Thanks for sharing your helpful ideas, Kathy.
Engaging in community events would provide favorable visibility. Volunteering to tutor children or assist in a classroom or field trips, and not moving to 55+ communities that reinforces separation instead of connection would help those whose grandparents are distant or deceased to experience kind-hearted, lively elders first-hand.
Of course, not succumbing to cultural imperatives re dyeing hair, covering flaccid necks with scarves/turtlenecks, purchasing “anti-aging” (ha!) products which result in even more ageism ads (infinite loop), etc., could pull a few strands out of the ageism (cover ’em up) blanket that seeks to make aging almost invisible. Sad that Hollywood stars willing to age naturally are incredibly rare.
Aileen, I remember being on a bus in Portugal many years ago and seeing many older people sitting in plazas or at bus stops. Their lined faces had so much more depth and character than the younger people’s faces. Our old faces and bodies should be a sign of wisdom, not something to be altered, I agree. I just saw a current movie on Netflix with Sophia Loren (called, I think, “the Life Ahead”), and she looks her age–in her 80s now–and her face revealed all the sadness, joy and weariness of someone her age. It’s sad that many older woman, especially, feel the need to cover up that wisdom with facelifts, make-up, etc.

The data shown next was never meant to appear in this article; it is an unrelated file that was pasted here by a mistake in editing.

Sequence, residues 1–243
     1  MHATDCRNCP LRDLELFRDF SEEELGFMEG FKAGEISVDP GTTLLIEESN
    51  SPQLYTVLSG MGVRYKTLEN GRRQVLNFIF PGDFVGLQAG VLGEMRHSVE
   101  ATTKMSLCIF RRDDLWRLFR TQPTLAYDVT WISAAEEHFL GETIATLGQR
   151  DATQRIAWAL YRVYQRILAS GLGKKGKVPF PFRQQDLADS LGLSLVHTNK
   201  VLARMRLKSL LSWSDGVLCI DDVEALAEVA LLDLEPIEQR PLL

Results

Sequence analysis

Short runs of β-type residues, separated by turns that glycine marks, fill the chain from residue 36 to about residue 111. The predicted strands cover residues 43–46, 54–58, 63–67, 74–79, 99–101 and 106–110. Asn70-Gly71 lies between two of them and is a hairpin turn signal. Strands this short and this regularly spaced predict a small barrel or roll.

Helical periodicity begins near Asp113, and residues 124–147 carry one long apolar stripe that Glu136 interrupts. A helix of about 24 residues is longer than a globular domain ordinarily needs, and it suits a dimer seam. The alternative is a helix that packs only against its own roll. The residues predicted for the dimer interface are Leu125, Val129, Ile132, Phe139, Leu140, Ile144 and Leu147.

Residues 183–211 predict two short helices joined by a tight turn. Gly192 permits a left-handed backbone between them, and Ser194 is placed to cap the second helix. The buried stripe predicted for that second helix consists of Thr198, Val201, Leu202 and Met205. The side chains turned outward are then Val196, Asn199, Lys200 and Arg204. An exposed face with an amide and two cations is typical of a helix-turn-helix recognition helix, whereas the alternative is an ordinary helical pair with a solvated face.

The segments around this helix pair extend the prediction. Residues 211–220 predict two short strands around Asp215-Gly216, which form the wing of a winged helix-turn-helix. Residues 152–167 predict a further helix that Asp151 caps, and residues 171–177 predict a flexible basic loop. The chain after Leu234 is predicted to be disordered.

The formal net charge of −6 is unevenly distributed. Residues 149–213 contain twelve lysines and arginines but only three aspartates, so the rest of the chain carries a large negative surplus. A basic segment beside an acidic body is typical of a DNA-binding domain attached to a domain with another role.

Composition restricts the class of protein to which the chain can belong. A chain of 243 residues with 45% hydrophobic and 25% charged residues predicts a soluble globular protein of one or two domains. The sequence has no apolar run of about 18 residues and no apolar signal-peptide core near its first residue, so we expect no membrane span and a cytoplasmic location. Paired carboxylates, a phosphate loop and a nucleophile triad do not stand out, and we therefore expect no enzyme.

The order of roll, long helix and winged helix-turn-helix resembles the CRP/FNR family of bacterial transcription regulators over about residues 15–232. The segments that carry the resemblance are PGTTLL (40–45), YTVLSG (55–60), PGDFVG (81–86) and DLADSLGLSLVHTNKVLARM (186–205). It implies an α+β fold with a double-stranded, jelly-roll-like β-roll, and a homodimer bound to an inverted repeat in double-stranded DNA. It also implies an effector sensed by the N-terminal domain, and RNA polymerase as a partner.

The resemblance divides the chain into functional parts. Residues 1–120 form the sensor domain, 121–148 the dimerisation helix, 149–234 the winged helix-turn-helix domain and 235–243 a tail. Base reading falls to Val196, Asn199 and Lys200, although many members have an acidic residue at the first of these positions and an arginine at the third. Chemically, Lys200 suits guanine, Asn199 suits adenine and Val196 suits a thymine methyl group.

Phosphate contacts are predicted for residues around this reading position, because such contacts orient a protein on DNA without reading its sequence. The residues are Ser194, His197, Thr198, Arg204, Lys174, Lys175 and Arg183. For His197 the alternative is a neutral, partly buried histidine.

Kathy, I don’t know how to send an email to you, so thought I’d share this with you via a post in case you haven’t seen it.
How do we deal with losses, not just as elders, but losses at any age?
“The world over is celebrating the 250th anniversary of the birth of classical composer Ludwig van Beethoven! In honor of this milestone, the Colorado Springs Philharmonic is partnering with the Rocky Mountain Women’s Film Festival to screen the HBO Documentary Moonlight Sonata: Deafness in Three Movements.”
The film portrays “lives (that) weave a sonata over three centuries, about all we can discover once we push beyond what has been lost.”
Moonlight Sonata: Deafness in Three Movements: https://watch.eventive.org/rmwfcinema/play/5fd12ff4fbe6c500800e0f5d
I don’t know how long it will be available. It is free today and after started needs to be watched within 48 hours.
Aileen, thanks for letting me know. I’ll start watching tonight.